Search form


Edna Valencia Murillo, a life changed by the Atlantic Dialogues

In December 2019 in Marrakesh, Edna was already explaining how she was looking to raise the visibility of Africa in Latin America, “two continents that are related but don’t know each other”. At the same time, she was working to raise awareness and change the narrative and perceptions on the aesthetics of Black women: “Because they are beautiful too, even if it’s not according to the European standards”.

Being herself a reference on black identity for her generation, she explains that 13 million people, on a total population of 51 million, are of African descent in Colombia. “I want to connect black women with their heritage, their natural hair and skin, and stop using chemicals that are dangerous for their health and their self-esteem.”

How did the Atlantic Dialogues change her life in 2019, as a young Emerging leader? Marrakesh was her first trip ever in Africa. She transformed the ADEL program into an opportunity to go further and know more. From Morocco, she went to Senegal, where visits in Gorée inspired her poetry. In March 2021, she went back to Africa, this time to the MASA (Marché des Arts et du Spéctacle Africain) Festival in Ivory Coast, where she met a lot of people in the cultural field.

She has also kept in touch with some of the Atlantic Dialogues guests she met during the conference in Marrakesh. In February 2020, she has for instance helped William, from the NBA Basketball Team, do a tour and meet Afro-Colombian leaders in sports and journalism. She took him to her community in Quibdo, the capital city of the region of Chocó (82 % of Afro-Colombians), where the lack of opportunities is “the same as in rural areas in Africa”. They attended the Black History Month at the US Embassy in Bogota, and conducted a workshop with a young basketball team.

Edna leads a busy and enriching life. After one month in Cuba, then two weeks in Spain for a festival, she came back to Bogota in November 2021 to meet another AD guest: Thione Niang, the Senegalese former campaign advisor of Barack Obama, who did a lot for the election of the first US Black president with the Democrats Youth. Back in Senegal since 2018, as the head of an agricultural enterprise, Thione Niang had toured Colombia with Edna, through Medellin for the NegroFest festival and Cartagena de Indias and San Basilio de Palenque – a fortified town founded in 1603 by African slaves who freed themselves, belonging since 2005 to the World Patrimony of Unesco.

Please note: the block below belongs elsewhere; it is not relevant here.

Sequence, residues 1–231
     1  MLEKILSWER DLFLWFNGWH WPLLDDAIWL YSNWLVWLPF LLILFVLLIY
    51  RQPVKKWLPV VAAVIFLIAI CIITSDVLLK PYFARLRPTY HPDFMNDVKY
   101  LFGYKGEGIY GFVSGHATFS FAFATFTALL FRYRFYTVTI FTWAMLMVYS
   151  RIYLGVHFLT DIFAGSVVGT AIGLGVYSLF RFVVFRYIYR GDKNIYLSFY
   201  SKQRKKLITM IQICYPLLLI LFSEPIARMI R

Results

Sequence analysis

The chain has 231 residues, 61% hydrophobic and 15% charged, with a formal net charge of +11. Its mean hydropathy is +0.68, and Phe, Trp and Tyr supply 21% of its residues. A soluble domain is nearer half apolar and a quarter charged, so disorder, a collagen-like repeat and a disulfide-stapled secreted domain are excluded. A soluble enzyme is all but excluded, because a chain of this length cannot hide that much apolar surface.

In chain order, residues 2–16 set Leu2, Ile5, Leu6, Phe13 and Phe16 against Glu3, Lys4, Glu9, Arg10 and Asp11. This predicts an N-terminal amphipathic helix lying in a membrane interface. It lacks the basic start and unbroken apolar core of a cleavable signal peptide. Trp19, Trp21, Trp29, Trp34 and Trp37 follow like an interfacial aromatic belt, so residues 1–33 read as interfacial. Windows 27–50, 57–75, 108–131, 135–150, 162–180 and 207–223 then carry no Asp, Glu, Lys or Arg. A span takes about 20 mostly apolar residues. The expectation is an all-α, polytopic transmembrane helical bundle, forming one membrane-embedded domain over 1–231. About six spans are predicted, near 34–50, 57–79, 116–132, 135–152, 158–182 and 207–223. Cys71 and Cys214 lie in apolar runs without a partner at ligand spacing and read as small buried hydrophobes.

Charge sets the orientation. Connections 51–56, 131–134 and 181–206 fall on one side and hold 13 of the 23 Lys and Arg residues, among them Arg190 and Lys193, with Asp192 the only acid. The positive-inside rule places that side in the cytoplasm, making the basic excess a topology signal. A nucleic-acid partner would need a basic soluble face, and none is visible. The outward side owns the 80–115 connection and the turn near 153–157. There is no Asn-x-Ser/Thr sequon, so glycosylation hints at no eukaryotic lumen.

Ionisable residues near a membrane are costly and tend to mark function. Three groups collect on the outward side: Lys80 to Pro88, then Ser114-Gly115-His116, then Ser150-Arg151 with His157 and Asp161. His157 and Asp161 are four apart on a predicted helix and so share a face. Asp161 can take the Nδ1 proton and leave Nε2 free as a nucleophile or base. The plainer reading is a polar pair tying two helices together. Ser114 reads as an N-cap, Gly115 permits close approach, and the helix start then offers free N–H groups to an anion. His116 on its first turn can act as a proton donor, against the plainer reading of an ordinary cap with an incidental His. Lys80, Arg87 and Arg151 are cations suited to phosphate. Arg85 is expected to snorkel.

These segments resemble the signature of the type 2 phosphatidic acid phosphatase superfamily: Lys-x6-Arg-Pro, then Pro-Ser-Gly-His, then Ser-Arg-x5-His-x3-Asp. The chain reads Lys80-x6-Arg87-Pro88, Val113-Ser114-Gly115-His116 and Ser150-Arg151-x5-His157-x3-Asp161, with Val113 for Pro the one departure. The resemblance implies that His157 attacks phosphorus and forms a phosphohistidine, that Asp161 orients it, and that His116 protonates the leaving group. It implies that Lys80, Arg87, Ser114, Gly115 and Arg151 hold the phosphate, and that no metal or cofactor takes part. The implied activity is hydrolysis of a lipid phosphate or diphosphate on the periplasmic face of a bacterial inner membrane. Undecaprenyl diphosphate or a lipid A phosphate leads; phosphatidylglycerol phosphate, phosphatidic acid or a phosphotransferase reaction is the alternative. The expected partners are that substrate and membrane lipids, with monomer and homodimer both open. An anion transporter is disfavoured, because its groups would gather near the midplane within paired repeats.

Edna and Thione are planning to work on a documentary to show the connection between Colombia and Senegal, a subject Edna is very passionate about: “We have our own balafon in marimba music in Colombia, but we don’t know it’s an African instrument !”

Belleza Negra, the cultural center she will open in February 2022 in Cali, “a town with more Black people” – 27 % of the population, vs 10 % in Bogota – will be an “identity and aesthetic center”. A lot more than a beauty and hair salon. “There will be a library to sell African writers, a cine-forum space, fashion events, workshops and more”. Edna will launch her own book, La sombra del Baobab, “The Baobab’s Shadow”, a mix between poetry writings and an essay on Black issues and her personal experience of racism in Latin America.

In 2022, she plans on going back to Africa and get her citizenship in Sierra Leone, as her DNA test shows she is from this West African country. She will also launch her podcast as an independent journalist, freer than ever.

Valencia Murillo

In her very energetic way and a waterfall of words, Edna Valencia Murillo explains how the Atlantic Dialogues 2019 have been a life changer. At the time of her participation in the Atlantic Dialogues Emerging Leaders program in 2019, she was a Colombian news anchor for France 24 in Spanish, working from Bogota, a job she left in September 2021 to follow a more independent route. During the pandemic, she has written a book, built her platform “to connect black people in Colombia with African leaders”, and prepared the opening of her cultural center/hair salon, Belleza Negra  - “Black Beauty” in Spanish. In addition to these noteworthy achievements, she has been consulting for Disney Animation Studios since July 2021 on black representation in a movie called Encanto, shot in Colombia.  

Nom Ssprogram: